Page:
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Good eatin’!

12 March 2012

Half the fun in editing is the research.  My author, when faced with words new to him, had to write phonetically, and when a Mayan uses a Nahuatl word in speaking to a Bulgarian, sometimes I just have to flounder around til I figure it out… which becomes an education in itself.   What  I thought might be a local word for a chachalaca, the common jungle fowl of central America, was something else  entirely.

From Lacandon Journal (© 2012, Dimitar Krustev… to be published later this year by Editorial Mazatlán):

August 15, 1969 – Nueva Esperanza

In the afternoon I worked on a painting with another model. The work did not go well. I had not spent enough time with the Indians and did not “feel” them yet. The creative part of the day ended at 4 p.m. and Gary and I took a bath on the muddy edge of the river. I saw fantastic cloud formations in the north sky and thunder rumbled over the jungle.

The women made tortillas again. Then there was a flutter of paddles in the river and I heard mens’ voices. Carmita whispered “Kin” and told me that her husband was returning. In about 20 minutes the three Lacandones appeared behind the hut, with Kin carrying a wild boar and three turkeys and Chan Bor a tepezcuintle[1].

This was good news. The Indians had been eating tortillas for days and now they would have a feast. In the evening they lay in the hammocks and talked about the adventure of the day. As the women shelled corn under the light of burning wood ocote, a wood similar to the pine tree and highly saturated with oil, the Indians went to sleep about 9 p.m. Rain started around midnight…

August 17, 1969 – Nueva Esperanza, The Day of the Hunt

Last night as we gathered around the smoke from the kitchen fire to keep the bugs away, Carmita suddenly jumped up as if bitten by a wasp. She said something to me and pointed toward the ground. When I flashed a light down there I saw thousands of ants devouring hundreds of dead cockroaches. Based on their size, I judged the ants to be fire ants. I left for my tent as Carmita poured fire over the mess. During the night a sound awoke me and when I turned on the flashlight I saw cockroaches crawling over the walls of the tent.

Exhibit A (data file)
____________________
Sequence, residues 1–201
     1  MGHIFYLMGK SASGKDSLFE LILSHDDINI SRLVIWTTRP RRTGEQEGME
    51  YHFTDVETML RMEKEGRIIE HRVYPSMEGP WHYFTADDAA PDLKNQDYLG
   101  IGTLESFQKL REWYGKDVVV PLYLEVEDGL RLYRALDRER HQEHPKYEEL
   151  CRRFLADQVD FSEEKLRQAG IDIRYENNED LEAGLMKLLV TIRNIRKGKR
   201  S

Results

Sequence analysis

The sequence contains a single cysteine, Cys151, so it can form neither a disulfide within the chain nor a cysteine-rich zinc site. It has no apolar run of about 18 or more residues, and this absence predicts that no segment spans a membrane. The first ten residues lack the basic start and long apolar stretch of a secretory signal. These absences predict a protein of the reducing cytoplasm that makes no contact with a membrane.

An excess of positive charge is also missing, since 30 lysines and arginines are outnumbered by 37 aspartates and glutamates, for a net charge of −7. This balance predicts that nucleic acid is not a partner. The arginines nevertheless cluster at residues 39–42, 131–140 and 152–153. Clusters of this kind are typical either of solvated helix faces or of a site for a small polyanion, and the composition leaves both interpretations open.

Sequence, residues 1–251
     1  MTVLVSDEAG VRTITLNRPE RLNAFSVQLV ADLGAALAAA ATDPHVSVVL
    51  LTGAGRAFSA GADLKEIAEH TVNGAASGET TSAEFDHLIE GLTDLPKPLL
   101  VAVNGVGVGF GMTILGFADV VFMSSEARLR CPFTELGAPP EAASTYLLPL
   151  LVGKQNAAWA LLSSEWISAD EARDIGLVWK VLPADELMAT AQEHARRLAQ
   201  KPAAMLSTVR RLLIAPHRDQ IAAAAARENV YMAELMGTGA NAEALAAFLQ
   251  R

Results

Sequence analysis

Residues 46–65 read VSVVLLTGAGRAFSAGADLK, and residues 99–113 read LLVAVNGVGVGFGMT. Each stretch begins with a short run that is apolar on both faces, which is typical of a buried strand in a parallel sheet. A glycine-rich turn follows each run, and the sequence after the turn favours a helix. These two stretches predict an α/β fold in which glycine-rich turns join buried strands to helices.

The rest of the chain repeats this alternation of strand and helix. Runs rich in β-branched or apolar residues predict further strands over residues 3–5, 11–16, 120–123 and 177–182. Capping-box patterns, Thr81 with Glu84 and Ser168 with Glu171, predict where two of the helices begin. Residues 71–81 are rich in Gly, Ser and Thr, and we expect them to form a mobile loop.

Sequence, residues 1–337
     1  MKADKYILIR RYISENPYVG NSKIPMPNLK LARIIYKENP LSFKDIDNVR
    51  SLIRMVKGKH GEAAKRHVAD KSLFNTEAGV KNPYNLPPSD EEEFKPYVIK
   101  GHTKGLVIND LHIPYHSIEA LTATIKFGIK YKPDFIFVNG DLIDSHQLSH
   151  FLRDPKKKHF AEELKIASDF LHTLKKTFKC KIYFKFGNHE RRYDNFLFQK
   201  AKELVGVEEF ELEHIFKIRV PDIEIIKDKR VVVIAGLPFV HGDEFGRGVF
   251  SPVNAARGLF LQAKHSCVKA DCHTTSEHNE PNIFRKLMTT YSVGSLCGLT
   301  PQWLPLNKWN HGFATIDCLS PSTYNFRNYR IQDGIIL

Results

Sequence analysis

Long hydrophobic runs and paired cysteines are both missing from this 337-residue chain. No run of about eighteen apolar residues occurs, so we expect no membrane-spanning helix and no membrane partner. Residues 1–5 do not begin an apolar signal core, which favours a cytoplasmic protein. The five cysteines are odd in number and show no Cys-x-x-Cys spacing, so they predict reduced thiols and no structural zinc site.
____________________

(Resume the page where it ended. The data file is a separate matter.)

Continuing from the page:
In the morning the three Lacandones went hunting again. Before leaving, they announced that they would stay in the jungle overnight. When they returned the next day, they were loaded with three monkeys (mikos, as they call them) and one wild turkey. The sight of the dead monkeys, which looked so like humans, upset Gary.

The Indians offered us either turkey or monkey and we chose turkey. Kin Yuk said the monkeys have human blood.

The animals were butchered in the afternoon on the bank of the river where we usually bathed. On the way back from the river, … Kin lifted one of the monkeys to my nose and said “You should eat monkey. Very delicious.”

[1] Cuniculus paca, a large tropical rodent, usually weighing between 6 to 12 Kg.  Similar to the much smaller guinea pig, tepezcuintles and the closely related agoutis (genus Dasyprocta) are indiscriminately referred to as “Pacas” in English.  While commonly raised in captivity as food animals (Domestication and husbandry of the paca (Agouti paca), Food and Agriculture Organization of the United Nations, 1995), farm-raised tepezcuintle is said to have an inferior taste to their wild cousins.

Decyphering the phonetic “pepesquintly” as “tepezcuintle” was the easy part.  Finding a Mexican recipe is harder.  I don’t think Cristina Potter (Mexico Cooks!) … who can hold her own with a kitchen-full of abuelas …has one for  jungle rat,  but they’re a regular part of Caribbean cuisine.  Trinidadian food writer, Felix Padilla (Simply Tini Cooking) has a nice Paca curry recipe.

Maybe Cristina’s got one for monkey.

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